Gear Acquisition Syndrome is one of those things we like to poo poo in public, arguing it’s all about the photographer, and dive back into with gay abandon once safely back in our private quarters. Thing is, criticising GAS is as wrong as giving in to it for the wrong reasons. Often, it is all about better gear!
Think Pillars of Creation. That stunning photograph would never have existed with an Earth-based telescope. It took the stability of an atmosphere-free line of sight to achieve this level of resolution. It took extreme pointing accuracy and smoothness. It took a large mirror and ultra sensitive cameras. Yes, it took a bit of programming and some post-processing, but the major achievement in this photo is the rig itself.
This is not written in jest. You could argue Pillars of Creation is a purely scientific photograph, which doesn’t apply to our amateur field of feet-on-the-ground photography. And that sCMOS and EMCCD images that allow us to get better views of neurons and cellular spectroscopy fall in the same category.
I disagree. And while the Space Telescope wasn’t designed and financed for artistic purposes, Pillars of Creation was not only an artistic interlude in NASA’s research, but is also a very beautiful and epochal photograph. Definitely one of the most influencial photographs ever made by man. It’s message is not just about the physics of the universe but, mostly, about mankind being able to image its origins. It’s an artistic photograph with the deepest of meanings, which is why it captured the imagination of the whole planet. And it’s all about the gear.
Closer to home, the work of David Maisel, Ed Burtynksy or Hans Strand, also relies strongly on gear. Namely super high quality medium format cameras and airplanes. And, yes, there is a environmental message underlying the work of all three photographers, but the way they choose to express that message is through a very elaborate setup.
Still not convinced?
Sally Mann to the rescue (she and David Maisel are two of my favourite photographers ever). No one could argue she is an artist in the deepest acceptance of the word. Nevertheless, her work hinges around hauling a large format camera, wet plates she coats herself and a large SUV transformed into a field darkroom to be able to process the fresh plates securely. While Sally Mann’s work has a very deep meaning, the way it is achieved is all about gear. Ditto all the legendary street togs and their rangefinder cameras, albeit in a different direction.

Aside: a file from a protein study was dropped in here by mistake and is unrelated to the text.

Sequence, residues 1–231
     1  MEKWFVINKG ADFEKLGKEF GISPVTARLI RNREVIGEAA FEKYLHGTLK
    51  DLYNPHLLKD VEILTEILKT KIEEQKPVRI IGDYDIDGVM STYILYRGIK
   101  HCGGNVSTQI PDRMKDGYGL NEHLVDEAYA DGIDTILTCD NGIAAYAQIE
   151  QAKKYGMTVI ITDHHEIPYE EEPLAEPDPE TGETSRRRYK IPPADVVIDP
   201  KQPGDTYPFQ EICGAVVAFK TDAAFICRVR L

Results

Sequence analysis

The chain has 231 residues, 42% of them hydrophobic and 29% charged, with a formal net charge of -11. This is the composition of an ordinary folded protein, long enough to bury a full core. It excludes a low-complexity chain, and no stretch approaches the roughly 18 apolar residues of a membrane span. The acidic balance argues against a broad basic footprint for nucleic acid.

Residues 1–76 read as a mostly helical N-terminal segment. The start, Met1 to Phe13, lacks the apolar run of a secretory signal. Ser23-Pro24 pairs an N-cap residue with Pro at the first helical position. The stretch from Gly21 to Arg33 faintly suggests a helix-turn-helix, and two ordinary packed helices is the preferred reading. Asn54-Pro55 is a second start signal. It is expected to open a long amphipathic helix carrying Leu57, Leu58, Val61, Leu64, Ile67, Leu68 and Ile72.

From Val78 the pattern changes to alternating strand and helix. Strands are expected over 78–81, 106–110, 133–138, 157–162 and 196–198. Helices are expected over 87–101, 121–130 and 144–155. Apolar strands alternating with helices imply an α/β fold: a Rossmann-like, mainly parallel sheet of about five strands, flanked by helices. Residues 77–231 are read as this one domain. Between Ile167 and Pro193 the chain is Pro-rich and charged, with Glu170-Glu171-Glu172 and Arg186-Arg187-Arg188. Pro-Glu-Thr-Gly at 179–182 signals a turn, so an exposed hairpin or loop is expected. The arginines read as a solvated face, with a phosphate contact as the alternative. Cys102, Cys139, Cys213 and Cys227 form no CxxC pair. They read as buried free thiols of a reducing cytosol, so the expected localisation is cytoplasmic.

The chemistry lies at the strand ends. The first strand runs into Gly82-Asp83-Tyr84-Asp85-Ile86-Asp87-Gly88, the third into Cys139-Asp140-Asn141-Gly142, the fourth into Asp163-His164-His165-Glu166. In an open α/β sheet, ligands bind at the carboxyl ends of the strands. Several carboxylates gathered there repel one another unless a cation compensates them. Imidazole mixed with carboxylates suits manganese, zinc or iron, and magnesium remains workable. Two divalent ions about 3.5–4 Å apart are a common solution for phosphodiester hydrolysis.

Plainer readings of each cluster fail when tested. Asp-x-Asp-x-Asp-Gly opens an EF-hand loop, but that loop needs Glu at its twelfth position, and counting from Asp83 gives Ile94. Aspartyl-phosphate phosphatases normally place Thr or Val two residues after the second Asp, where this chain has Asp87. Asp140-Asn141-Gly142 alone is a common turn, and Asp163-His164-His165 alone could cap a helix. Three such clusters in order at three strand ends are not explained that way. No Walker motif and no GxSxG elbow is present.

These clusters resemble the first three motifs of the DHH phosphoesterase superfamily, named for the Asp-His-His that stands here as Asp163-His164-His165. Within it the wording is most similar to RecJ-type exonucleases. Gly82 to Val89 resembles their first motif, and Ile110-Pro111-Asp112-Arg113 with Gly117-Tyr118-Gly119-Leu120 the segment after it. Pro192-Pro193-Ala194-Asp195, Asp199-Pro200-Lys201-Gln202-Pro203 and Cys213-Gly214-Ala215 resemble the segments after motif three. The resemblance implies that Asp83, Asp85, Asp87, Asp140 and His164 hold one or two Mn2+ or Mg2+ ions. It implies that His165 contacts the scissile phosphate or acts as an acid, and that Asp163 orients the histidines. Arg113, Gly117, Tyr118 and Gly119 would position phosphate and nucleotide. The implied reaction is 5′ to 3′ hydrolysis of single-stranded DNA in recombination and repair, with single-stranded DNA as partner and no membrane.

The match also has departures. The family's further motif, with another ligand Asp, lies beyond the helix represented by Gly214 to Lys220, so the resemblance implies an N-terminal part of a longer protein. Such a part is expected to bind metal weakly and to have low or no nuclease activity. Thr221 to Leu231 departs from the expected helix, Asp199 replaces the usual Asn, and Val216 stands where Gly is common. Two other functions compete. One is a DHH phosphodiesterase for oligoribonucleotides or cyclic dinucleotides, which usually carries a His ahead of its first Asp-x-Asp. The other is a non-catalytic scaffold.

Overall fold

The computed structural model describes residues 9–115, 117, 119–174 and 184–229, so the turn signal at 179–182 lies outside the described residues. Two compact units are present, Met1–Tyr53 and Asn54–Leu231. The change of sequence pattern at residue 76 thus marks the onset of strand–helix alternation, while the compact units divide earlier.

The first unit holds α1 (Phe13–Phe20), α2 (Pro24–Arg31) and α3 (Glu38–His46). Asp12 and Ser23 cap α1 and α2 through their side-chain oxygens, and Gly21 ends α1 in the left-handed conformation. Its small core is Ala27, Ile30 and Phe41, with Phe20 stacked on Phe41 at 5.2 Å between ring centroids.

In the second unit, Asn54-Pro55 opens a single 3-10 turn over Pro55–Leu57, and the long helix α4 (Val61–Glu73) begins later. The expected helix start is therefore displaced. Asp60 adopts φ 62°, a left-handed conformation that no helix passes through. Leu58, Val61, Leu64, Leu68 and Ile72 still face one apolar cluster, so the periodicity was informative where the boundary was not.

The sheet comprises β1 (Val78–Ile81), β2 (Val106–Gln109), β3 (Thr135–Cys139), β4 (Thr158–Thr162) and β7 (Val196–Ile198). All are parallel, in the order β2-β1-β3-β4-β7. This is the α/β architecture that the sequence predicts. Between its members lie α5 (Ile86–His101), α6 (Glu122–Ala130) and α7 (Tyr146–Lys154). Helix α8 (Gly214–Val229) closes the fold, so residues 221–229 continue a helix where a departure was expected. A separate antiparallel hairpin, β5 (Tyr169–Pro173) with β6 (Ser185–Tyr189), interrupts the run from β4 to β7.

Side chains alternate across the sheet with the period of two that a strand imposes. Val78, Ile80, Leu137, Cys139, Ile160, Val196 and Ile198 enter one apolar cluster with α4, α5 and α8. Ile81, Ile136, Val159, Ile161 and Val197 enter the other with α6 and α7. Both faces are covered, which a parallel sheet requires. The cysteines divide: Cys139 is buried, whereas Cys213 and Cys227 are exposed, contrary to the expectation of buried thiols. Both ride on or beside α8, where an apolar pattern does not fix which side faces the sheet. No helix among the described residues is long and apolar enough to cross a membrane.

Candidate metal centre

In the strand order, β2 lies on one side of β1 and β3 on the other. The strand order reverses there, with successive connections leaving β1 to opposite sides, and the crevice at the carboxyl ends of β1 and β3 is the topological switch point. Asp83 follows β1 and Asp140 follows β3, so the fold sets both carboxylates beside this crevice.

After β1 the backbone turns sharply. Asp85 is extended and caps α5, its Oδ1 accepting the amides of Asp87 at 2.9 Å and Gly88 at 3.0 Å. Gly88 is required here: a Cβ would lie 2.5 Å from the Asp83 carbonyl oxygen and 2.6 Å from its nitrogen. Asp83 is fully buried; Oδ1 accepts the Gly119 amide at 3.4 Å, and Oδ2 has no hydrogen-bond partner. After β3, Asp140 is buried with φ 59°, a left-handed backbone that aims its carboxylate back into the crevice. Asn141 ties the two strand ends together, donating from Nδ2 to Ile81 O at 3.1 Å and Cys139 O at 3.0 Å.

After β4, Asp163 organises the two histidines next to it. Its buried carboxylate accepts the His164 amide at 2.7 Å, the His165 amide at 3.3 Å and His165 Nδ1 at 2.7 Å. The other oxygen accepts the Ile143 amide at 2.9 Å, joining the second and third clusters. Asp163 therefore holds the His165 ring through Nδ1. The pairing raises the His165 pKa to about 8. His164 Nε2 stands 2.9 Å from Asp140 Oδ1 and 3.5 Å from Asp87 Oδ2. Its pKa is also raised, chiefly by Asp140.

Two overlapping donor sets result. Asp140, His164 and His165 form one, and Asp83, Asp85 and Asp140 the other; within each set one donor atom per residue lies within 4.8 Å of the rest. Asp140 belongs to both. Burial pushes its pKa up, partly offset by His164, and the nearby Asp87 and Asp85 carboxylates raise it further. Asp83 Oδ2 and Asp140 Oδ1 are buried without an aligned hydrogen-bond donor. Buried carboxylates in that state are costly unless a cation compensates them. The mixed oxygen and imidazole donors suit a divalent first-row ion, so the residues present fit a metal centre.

I want to fight this misconception that GAS is inherently wrong. As I have written previously, gear takes us in aesthetic and ergonomic directions that are impossible to steer away from, once we start using it, and our job as photographers is to choose the gear that takes us in the direction we want to go. It is our fun and our duty to build a system and processes that lead us to the sort of photographs we most enjoy making.
If that sounds nebulous, think about the difference between a Jupiter lens and a Hasselblad lens. If you use the former, good luck producing neutral photographs with perfect frame homogeneity that convey a clear statement, free of system signature. If you use the latter, good luck producing the swirly bokeh and atmosphere that convey mood and are quite impossible to recreate in PP. GAS is the way to go, when guided by a clear purpose.
What is wrong is GAS fueled only by technical specifications and other considerations that serve only the manufacturer’s interests.
Technical specifications are the worst trick pulled by an industry that equated digitalisation to quantification, with a severe deficiency in management foresight and courage. The greatest sin of all has been the do-it-all camera. That bastard child of quantitative thinking, Schumpeterian commoditisation of creativity and dadaist ergonomics was designed as The One Ring to rule them all. We all know how that ends …
It pains me no end that Japan, of all countries, is largely responsible for this. Here is a country with a diversity of crafts, an art scene and a focus on qualitative value that puts the rest of the known universe to shame. A country which I love so dearly. A country with a high-end watch industry that combines the very best of human skill, philosophy, innovative thinking and machining, making most European brands look like dinosaurs. And yet, a country that has done its very best to cripple an artistic pursuit into a cookie-cutter quantitative-range logic of the lowest ethical type: “the more money you have, the more features we give you”. Utterly distasteful and bafflingly stupid.